Q: Does anyone with a whit of common sense believe it [coronavirus] occurred naturally? The genome was deconstructed and identified over a year ago. It had so many mutations, it couldn't have been naturally derived. These mutations occurred within a small length of the genome and were specific for its current infectiousness of human respiratory pathways. The path of mutation should be as transparent and easily traced as a blockchain, however, it makes several enormous leaps that point to laboratory manipulation. Follow the science? The majority of associated bureaucrats and MSM minions have done anything but follow it. Until recently, it was iron-fistedly suppressed. The question being, why?
— Alan, Southern California
Tangle: I’ve written a good deal about coronavirus’ origins recently. I also did a podcast with Josh Rogin, the Washington Post reporter who has been making the case that we need to investigate what happened in the laboratories in Wuhan.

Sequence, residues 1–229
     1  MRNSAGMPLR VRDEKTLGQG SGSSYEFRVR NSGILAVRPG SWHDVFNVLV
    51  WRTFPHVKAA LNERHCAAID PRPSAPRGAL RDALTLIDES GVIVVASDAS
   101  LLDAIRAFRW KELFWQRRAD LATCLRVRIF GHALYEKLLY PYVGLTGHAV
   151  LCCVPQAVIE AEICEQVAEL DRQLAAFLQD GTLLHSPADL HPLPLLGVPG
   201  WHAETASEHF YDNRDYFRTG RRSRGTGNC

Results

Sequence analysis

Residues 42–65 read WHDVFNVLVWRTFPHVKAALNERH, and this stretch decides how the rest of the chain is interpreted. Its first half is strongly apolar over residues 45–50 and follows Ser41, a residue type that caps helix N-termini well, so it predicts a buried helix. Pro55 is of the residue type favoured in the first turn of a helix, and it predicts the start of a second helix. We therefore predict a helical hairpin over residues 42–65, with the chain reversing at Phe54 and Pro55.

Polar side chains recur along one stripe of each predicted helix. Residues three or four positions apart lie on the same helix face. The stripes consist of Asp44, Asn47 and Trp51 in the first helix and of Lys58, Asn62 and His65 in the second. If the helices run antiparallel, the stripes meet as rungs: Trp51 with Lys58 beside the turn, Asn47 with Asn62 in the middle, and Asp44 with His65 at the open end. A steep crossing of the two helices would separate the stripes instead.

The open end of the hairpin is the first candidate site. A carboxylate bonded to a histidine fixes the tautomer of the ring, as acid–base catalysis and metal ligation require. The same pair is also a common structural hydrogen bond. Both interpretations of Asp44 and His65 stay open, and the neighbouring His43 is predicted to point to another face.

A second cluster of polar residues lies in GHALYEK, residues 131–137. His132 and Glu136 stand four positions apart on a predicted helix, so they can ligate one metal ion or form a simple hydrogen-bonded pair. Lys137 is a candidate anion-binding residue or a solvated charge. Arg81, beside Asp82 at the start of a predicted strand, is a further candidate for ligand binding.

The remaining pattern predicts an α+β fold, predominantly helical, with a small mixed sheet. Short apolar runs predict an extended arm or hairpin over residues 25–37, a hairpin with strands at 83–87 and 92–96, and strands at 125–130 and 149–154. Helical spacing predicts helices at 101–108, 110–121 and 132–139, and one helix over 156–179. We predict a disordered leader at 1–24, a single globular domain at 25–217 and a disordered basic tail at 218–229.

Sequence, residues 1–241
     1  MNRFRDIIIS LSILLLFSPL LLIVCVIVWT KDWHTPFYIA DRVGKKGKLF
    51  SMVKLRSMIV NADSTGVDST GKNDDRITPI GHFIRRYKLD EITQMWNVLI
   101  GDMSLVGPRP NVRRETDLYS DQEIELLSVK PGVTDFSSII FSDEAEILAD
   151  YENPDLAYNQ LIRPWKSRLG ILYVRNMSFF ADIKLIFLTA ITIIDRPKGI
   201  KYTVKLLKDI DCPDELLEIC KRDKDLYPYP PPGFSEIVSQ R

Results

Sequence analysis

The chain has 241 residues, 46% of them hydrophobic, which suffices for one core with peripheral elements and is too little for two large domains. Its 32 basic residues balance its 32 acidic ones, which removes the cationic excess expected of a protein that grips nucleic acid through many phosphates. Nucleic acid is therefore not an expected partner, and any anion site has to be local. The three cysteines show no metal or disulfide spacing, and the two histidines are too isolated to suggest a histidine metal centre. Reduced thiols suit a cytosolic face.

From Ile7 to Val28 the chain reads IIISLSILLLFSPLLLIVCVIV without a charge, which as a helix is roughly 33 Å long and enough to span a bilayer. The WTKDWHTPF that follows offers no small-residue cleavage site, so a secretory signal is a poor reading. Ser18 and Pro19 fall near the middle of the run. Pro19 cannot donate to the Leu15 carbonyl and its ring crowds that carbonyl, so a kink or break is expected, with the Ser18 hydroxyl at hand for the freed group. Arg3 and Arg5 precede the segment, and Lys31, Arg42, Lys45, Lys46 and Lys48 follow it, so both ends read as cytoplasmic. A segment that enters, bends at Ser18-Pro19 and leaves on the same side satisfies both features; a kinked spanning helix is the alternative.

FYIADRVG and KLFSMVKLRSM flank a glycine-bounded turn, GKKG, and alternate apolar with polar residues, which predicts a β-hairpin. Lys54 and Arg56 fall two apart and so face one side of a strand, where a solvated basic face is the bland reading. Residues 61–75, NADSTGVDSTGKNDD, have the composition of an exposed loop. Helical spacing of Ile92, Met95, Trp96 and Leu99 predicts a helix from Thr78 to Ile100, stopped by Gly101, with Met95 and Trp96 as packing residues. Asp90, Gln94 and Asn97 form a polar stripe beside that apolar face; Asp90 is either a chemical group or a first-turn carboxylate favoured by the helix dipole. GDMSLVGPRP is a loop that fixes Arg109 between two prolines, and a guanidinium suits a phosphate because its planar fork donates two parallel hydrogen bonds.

But I also don’t want to overplay my hand here. The general case that coronavirus came from nature has been made in many places, most recently in The Washington Post (where Rogin has argued the case is weak) by two virologists who specialize in this stuff: Angela L. Rasmussen and Stephen A. Goldstein.
They argue that the spike protein did not “optimally” bind to its receptor and that the interaction between the proteins was unpredictable. They also argue that SARS-CoV-2 has odd features no human would design and that it generally “has more of the hallmarks of sloppy natural evolution than a human hand.” On top of that, as Covid-19 has spread, the virologists have observed similar interactions in other related viruses that were once thought to be unique at the beginning of the pandemic.
Finally, the virologists note, the virus had early mutations that helped it adapt and spread faster. To them, this signifies that it entered nature in a primitive fashion, and then adapted to spread among humans — meaning it was reacting to its new host rather than designed for it (or coming in deep into its evolution).